Sterile injectable solutions are prepared by incorporating the rAAV particles in the required amount in the appropriate solvent with several of the other ingredients enumerated above, as required, followed by filtered sterilization or another sterilization technique.

Generally, dispersions are prepared by incorporating the various sterilized active ingredients into a sterile vehicle which contains the basic dispersion medium and the required other ingredients from those enumerated above. In the case of sterile powders for the preparation of sterile injectable solutions, the preferred methods of preparation are vacuum-drying and freeze-drying techniques which yield a powder of the active ingredient plus any additional desired ingredient from a previously sterile-filtered solution thereof.

The amount of rAAV particle or nucleic acid vector compositions and time of

administration of such compositions will be within the purview of the skilled artisan having benefit of the present teachings. It is likely, however, that the administration of therapeutically-effective amounts of the disclosed compositions may be achieved by a single administration, such as for example, a single injection of sufficient numbers of infectious particles to provide therapeutic benefit to the patient undergoing such treatment.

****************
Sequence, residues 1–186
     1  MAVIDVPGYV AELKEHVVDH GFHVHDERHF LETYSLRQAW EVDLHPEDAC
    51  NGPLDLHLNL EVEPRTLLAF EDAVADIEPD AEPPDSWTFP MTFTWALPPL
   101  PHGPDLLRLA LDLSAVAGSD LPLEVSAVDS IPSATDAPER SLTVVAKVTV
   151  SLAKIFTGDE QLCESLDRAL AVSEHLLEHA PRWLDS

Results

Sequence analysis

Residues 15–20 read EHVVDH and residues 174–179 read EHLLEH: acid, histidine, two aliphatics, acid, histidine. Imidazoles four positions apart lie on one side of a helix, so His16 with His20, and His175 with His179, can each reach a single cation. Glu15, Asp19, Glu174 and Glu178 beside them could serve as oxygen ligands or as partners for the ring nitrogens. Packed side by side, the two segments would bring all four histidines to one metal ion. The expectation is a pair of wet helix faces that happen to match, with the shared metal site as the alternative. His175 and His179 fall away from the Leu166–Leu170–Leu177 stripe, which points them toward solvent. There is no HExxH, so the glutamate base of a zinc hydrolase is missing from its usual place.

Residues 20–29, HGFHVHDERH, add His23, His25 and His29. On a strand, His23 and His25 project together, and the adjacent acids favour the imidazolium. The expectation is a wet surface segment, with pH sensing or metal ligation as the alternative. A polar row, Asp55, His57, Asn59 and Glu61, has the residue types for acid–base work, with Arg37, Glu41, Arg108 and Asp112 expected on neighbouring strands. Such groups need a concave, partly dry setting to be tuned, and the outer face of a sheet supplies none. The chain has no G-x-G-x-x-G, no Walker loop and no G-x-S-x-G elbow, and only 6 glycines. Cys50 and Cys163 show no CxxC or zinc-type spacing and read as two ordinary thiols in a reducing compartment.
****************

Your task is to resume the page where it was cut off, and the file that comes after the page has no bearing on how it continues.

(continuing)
Alternatively, in some circumstances, it may be desirable to provide multiple, or successive administrations of the rAAV particle compositions, either over a relatively short, or a relatively prolonged period of time, as may be determined by the medical practitioner overseeing the administration of such compositions.

The composition may include rAAV particles, either alone, or in combination with one or more additional active ingredients, which may be obtained from natural or recombinant sources or chemically synthesized.